They are neither plants nor animals. They differ from other forms of life such as the micro-organisms and the fungi. Instead they resemble the primeval body of life and are generally known ...
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They existed long before anyone can remember. They are simple and strange in nature, not resembling any other plant or animal in this world. In ancient times, people revered these bizarre ... See full summary »
An adaptation of the last arc in the manga, Mushishi Zoku Shou: Suzu no Shizuku follows Ginko's peculiar journey amidst the occult to unravel the mystery behind the enigmatic girl called Kaya and the mountain that has become her home.
Young world-weary sharpshooter girl Kino and her talking inquisitive motorcycle Hermes travel around her unusual world, visiting various city-states for three days each to learn about their culture, history and ruling philosophy.
They are neither plants nor animals. They differ from other forms of life such as the micro-organisms and the fungi. Instead they resemble the primeval body of life and are generally known as "Mushi". Their existence and appearance are unknown to many and only a limited number of humans are aware of them. Ginko is a "Mushi-shi" who travels around to investigate and find out more about the "Mushi". In the process, he also lends a helping hand to people who face problems with supernatural occurrences which may be related to the "Mushi".Written by
Anime News Network
Mushishi is an episodic anime comprised of 26 parts. Each episode stands alone from the rest and often the only common denominators in the stories are the presence of Ginko, the main character, and occasional appearances of his friend, Adashino-sensei. Ginko is a Mushi-shi (or bug master, if you'd prefer a literal translation) who travels around the far reaches of Japan examining and documenting various species of mushi. At the same time he helps those who come into contact with these entities: it seems many types of mushi are parasitic in nature and there are unfavorable results when they cross paths with humans. Throughout the series we're shown many magnificent creatures as well as a few intriguing glimpses into Ginko's past.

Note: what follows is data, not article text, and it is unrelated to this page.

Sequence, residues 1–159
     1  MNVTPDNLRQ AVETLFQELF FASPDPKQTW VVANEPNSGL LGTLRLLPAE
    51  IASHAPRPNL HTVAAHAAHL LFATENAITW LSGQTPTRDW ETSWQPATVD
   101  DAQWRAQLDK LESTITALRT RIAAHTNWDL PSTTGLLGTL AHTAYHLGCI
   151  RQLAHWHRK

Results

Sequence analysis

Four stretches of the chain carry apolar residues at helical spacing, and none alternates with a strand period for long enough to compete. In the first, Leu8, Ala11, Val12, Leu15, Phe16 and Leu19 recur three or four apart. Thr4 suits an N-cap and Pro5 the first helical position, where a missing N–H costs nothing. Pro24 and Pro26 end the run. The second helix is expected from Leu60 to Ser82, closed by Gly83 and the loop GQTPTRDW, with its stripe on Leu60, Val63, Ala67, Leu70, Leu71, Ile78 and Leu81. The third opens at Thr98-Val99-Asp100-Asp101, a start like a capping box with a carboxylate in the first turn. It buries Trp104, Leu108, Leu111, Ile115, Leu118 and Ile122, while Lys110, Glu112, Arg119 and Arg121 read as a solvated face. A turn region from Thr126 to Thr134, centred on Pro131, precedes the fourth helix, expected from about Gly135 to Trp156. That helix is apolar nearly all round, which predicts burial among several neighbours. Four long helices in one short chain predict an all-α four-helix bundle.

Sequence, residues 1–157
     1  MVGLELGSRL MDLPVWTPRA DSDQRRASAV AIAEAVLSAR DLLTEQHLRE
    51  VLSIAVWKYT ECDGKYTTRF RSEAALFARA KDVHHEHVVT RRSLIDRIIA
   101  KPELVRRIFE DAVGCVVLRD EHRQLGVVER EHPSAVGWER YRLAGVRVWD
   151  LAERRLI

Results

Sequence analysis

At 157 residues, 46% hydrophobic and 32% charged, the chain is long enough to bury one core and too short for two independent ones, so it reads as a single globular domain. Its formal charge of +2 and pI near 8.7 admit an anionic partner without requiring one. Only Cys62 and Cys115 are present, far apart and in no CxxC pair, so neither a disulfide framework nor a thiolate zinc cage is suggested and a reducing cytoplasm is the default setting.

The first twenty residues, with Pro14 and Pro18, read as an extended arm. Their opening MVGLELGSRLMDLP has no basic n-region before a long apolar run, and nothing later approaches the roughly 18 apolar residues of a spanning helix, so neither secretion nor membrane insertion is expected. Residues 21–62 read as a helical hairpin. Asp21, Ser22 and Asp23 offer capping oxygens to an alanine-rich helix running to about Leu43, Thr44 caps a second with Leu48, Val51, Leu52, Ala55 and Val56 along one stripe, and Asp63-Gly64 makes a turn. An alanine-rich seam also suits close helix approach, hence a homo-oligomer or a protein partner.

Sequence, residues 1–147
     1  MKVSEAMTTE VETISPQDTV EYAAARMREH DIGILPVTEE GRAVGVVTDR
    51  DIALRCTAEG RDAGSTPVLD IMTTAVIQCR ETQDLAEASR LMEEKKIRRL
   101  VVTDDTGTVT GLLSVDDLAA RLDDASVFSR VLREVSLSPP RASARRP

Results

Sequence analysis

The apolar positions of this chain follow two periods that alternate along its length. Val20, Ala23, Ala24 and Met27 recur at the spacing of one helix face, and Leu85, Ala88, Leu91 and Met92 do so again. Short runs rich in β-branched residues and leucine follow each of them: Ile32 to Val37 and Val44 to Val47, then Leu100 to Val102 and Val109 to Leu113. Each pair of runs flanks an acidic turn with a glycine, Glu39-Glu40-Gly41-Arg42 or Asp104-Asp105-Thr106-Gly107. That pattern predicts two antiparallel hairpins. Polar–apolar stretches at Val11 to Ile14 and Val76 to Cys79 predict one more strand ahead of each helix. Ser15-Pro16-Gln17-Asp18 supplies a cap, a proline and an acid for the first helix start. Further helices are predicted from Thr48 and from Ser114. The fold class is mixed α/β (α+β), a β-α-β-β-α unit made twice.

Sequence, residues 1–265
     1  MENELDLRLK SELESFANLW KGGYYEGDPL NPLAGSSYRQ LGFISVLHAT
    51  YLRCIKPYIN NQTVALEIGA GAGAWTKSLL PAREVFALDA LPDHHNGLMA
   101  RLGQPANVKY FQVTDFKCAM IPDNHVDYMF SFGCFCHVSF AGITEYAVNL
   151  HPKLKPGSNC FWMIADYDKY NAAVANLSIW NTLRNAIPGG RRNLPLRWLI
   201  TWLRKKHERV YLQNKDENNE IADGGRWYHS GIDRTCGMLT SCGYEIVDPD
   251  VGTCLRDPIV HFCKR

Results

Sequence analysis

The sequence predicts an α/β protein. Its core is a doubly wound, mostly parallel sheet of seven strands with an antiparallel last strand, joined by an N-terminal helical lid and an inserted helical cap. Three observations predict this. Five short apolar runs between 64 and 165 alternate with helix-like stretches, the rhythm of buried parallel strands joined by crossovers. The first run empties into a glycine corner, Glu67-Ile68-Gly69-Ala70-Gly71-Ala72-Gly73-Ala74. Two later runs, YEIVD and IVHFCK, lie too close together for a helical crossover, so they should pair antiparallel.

Mushishi is an extraordinary series. It was refreshing in that it was so serene to watch the art is beautiful, the atmosphere is peaceful, and yet the series was able to create excellent tension when it was called for. The stories within it are intriguing and one is left with a sense of wonderment when all is said and done.
However, I was left yearning for more from the series. I found myself so interested in the characters that I wished for more plot perhaps an arc or two that consisted of multiple episodes. There were a few opportunities in the show where they could have done just that, but instead they chose to remain true to the manga. As a result, you have to be patient while watching the series and enjoy it for what it is; its pacing is so different from other animes that you might be more familiar with.
This series has easily become one of my favorites, and I hope it receives more recognition outside of Japan recognition that it so plainly deserves.
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